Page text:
Anyway my point is being an engineer will improve the likelihood you could become a partner at many companies.  I mentored a young civil engineer before I left, and he rose to become a partner and the Houston office manager.  I don't know how good a job he did, because the company had layoffs for the first time in history under his watch.  Which is another thing, the amount of environmental work has dwindled dramatically due to the fact we cleaned up all the old messes in the 90's with the superfund, and the RCRA laws put in place in the 1980's have prevented in large part the formation of any new ones.  The BP Deep Water Horizon blowout was one of those occurrences that was like hitting the lottery for the environmental firms.  ERM was able to call back a lot of their layoffs and put them to work for another year or two milking it for all it was worth.

Dirty little secret is the industry is all about billing rates.  As a $60 an hour geologist I was expected to be 100% billable.  That meant all 40 hours of my week had to be billable to a project number that was billed to a client.  There was ZERO overhead or dead time.  In fact I commonly billed out 55-60 hours a week when I was in the field.  All travel was on MY time, not the clients, so if I had to be in Charleston, S.C. on Monday, I had to leave on Sunday on my time.  Well my managing partner, who was responsible for finding us work, didn't have any so he loaned us to the CEO who still did some Superfund project work.  He sent up to a Unocal refinery they were closing in Beaumont Tx and we picked up trash in a sludge impoundment and spent a week running weedeaters cutting weeds at $60 an hour.  The paying companies don't usually ask what the geologists and engineers are  In my case there were two of us, so Unocal was paying $120 an hour for us to cut weeds.  I have worked with environmental engineers at Diamond Shamrock, now Valero, who could not find their ass with both hands.  They brought me in to do their quarterly ground water reports, there were six engineers on the staff and the only thing I know they did was play Doom on the company network, each one closed up in their office using the speaker phone to communicate via conference call.  I ended up doing a lot of work they by rights should have done...that is what keeps the consulting business going, incompetence in the larger client companies.  The engineers on their staff are supposed to be doing "oversight" but I don't think any of them ever came over to check my work or to even bother to learn what I was brought in to do for them.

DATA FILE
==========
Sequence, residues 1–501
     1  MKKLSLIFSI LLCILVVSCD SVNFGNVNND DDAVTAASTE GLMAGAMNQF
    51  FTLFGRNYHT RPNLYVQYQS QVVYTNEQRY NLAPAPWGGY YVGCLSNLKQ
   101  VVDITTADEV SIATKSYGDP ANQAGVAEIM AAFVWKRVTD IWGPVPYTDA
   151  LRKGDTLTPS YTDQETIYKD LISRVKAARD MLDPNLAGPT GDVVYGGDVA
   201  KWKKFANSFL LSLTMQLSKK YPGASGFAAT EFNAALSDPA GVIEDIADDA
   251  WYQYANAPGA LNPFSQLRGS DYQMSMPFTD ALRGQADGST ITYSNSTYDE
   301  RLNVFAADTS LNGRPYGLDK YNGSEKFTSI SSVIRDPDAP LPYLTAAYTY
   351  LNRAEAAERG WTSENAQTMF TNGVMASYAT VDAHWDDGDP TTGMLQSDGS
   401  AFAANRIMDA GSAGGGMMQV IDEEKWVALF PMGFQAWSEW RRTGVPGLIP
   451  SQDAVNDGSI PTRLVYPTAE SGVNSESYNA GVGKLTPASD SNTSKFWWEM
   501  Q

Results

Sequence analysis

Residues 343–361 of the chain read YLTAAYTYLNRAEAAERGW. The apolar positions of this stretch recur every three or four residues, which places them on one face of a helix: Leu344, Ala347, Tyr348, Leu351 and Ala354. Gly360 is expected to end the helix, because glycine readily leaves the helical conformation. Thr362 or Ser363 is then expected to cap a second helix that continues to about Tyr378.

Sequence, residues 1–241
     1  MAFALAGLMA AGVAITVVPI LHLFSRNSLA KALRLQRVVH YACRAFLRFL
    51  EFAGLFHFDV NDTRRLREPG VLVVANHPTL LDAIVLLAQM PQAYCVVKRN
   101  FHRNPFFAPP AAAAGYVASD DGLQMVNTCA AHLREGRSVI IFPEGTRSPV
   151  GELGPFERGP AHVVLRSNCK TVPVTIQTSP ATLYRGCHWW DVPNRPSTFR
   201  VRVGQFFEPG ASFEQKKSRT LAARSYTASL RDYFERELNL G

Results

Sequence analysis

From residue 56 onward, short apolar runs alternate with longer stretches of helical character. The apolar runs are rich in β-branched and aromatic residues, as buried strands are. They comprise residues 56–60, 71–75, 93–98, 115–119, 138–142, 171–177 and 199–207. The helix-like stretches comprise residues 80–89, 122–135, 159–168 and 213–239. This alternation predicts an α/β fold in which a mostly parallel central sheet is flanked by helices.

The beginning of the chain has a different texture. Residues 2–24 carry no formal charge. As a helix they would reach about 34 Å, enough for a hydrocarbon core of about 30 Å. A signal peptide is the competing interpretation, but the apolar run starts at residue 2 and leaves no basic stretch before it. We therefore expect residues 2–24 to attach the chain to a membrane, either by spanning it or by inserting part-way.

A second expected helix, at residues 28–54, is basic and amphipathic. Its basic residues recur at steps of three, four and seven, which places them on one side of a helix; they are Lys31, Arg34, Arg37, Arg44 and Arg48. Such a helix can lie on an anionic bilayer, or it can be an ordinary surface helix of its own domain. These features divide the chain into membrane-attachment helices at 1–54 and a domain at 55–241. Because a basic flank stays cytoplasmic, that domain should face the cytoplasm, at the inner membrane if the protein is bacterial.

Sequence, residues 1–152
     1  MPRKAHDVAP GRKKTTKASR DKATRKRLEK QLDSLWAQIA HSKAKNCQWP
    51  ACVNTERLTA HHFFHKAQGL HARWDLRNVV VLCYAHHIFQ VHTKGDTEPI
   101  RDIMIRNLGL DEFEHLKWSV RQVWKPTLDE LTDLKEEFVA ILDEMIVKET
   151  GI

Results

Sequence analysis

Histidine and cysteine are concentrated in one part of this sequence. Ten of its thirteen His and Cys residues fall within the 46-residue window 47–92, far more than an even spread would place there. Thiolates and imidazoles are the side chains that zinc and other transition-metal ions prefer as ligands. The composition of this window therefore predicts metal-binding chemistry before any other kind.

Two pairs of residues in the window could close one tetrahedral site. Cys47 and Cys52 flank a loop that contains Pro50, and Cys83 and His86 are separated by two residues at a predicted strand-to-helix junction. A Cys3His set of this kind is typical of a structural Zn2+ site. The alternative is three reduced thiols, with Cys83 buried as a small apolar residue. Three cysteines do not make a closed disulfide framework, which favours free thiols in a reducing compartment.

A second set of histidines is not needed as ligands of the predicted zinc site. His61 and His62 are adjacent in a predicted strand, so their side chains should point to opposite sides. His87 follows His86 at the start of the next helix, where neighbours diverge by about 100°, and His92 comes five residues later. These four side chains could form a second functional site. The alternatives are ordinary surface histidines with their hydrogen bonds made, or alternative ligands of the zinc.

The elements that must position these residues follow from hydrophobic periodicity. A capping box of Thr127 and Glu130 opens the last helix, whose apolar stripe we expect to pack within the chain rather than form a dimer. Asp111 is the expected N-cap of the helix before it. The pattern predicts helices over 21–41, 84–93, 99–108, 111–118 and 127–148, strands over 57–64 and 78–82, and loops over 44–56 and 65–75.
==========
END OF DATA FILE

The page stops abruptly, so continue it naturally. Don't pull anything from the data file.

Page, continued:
So, bottom line, check the current job postings in those areas you are considering.  Check out the job posting in Ground Water journal to see what the water and hydrologic opportunities are.  Check out the various employment search engines on line too, just to get an idea of what is available now and the range of salaries so you won't be surprised and also look at where the majority of the jobs are.

I have a long standing female friend, Jennifer Ditzler, she is in N. Carolina I believe and is on Facebook.  She is an engineer at Arcadis an environmental engineering company.  I mentored her when she was a summer intern back in the 90's.  I might be able to hook you up and she could give you some insight from the female perspective.  Let me know.


As your pay went up, it meant the fewer and fewer projects could support my higher billing rate.

Careers: Geology

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Keith Patton


Career and educational options open for fledgling geoscience students. What courses you should take to prepare for the current job market.


24 years experience in Petroleum, Environmental Consulting and geological and geophysical computer software development.


Registered Geologist in Texas
Certified mapping scientitst in RS